“A Spontaneous Lament”

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I am currently reading a new book by professor Kelly M. Kapic called Embodied Hope: A Theological Meditation on Pain and Suffering. It’s a fantastic book thus far, and I’ll likely write up a review whenever I finish it. Suffice it to say that for now, it’s one of the better books that I have read this year. Kapic takes an honest look at suffering and offers continual wisdom throughout the pages. I’ve underlined so much.

In a chapter on lament (my favorite chapter so far), Kapic argues for the necessity of lament in the Christian life. He observes that most of the time, we try to suppress or dismiss lamentation. We consider it weakness, or giving in. On the contrary, lament is actually a sign of love. To put it Kapic’s way, “If we never lament, then it is legitimate to wonder if we have ever truly loved” (29). Kapic concludes, “If we do not restore space for lament in our individual and corporate church life, our suffering will drive us not only away from others but away from God himself” (31). Lament, then, is not us bemoaning God’s presence; it is our cry to feel it.

Kapic goes on to tell a story about his friend, Bob. Bob was auditing one of Kapic’s classes, and had to complete an assignment for the class: write a personal lament. Bob struggled a bit at first, according to Kapic. He had been dealing with the difficulties of caring for elderly parents, and given the exercise of putting your laments down in word form for a grade (and further, for God), can be tough to do. Bob eventually turned his lament in. Kapic included it in its entirety in his book, and it moved me. I thought I would share it. It’s called “A Spontaneous Lament.”


Why did my daughter’s husband break her heart?
      I know, little child
Won’t you tell me, Father?
      I won’t, my son

Why does my wife have to live in pain?
      I know little child
Won’t you tell me, Father? It would make it easier
      It wouldn’t, my son

Why do parents have to bury their children? It isn’t right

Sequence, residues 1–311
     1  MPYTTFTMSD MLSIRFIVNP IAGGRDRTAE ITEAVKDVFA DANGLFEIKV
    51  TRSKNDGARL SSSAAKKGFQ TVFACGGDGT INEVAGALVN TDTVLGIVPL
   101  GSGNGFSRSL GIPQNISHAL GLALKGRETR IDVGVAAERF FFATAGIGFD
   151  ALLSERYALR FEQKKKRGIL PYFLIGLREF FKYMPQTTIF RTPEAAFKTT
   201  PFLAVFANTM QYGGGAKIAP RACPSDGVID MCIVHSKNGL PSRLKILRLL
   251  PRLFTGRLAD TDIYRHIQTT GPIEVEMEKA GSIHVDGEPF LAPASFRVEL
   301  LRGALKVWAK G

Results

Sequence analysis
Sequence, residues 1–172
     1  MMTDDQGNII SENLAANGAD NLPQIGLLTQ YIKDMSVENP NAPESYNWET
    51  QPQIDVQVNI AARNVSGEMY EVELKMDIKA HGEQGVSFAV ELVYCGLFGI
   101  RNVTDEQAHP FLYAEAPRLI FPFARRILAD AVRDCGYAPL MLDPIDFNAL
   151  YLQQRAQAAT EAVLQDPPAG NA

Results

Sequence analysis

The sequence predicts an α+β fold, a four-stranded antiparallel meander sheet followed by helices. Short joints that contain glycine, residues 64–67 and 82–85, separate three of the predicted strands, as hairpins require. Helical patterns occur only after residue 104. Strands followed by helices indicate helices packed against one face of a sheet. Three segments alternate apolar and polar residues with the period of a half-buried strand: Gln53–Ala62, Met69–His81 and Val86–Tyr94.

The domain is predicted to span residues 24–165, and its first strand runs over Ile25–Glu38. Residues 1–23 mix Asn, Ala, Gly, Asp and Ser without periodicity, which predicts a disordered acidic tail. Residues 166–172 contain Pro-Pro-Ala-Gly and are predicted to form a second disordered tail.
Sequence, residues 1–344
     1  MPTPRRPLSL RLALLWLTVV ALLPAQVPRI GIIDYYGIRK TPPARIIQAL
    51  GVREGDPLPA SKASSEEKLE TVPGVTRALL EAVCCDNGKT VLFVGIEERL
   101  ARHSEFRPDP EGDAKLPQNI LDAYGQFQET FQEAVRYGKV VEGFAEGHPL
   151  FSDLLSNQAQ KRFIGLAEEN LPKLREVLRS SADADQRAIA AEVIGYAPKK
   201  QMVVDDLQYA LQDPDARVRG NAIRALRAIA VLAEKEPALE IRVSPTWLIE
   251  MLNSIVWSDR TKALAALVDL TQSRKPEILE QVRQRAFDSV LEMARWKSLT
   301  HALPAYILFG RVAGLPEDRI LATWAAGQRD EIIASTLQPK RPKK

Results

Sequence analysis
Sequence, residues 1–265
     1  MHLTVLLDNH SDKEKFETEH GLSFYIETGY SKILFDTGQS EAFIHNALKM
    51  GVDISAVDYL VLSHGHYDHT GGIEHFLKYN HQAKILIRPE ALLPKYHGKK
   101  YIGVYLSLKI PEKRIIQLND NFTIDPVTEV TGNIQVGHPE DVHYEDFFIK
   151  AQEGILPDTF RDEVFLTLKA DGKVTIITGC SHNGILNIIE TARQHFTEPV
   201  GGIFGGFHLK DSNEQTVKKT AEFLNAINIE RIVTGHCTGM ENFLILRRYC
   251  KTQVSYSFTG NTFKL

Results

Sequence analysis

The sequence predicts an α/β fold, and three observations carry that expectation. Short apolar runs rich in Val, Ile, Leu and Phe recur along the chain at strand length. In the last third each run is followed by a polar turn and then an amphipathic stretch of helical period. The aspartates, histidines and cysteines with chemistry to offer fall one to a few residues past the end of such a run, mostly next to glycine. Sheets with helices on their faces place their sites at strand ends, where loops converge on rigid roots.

It isn’t, little child
Then get rid of death, Father
      I am, my son

Why are your people abused, persecuted and killed? Can’t you protect them?
      I can, little child
Then do something
      I did, my son

Why do my parents need to finish their lives in unrelenting misery? How is that merciful?
      It is, little child
How do you know Father?
      I have felt all the pain of sin, my son

But it all hurts so much sometimes
      I know it does, little child
How do you know, Father?
      I have felt all the pain of sin, my son

Can’t you make it all stop?
      I can, little child
Then do it, Father
      I started 2000 years ago and will finish soon, my son

I believe you, Father, help my unbelief
      I love you, my son


3 weeks later, Bob got a call from his doctor: pancreatic cancer.

Was Bob ready for this news? I don’t think so. And yet, I think he was.

When hard times darken our door, it is okay to lament and grieve. “Blessed are those who mourn.” It is okay, because the Father is there.

With you.

For you.

do something
      I did, my son

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1 thought on ““A Spontaneous Lament””

  1. A heartfelt cry is better than a hallelujah sometimes. This summer our pastor is taking us through the entire book of psalms. He lost his young son in an accident last year and has been sharing his grief and faith process. Teaching Americans to grieve and feel is no easy feat since I think we’re encultured to avoid so-called negative feelings, but as you highlight here the depth of our pain is proof of the depth and authenticity of our love.

    Like

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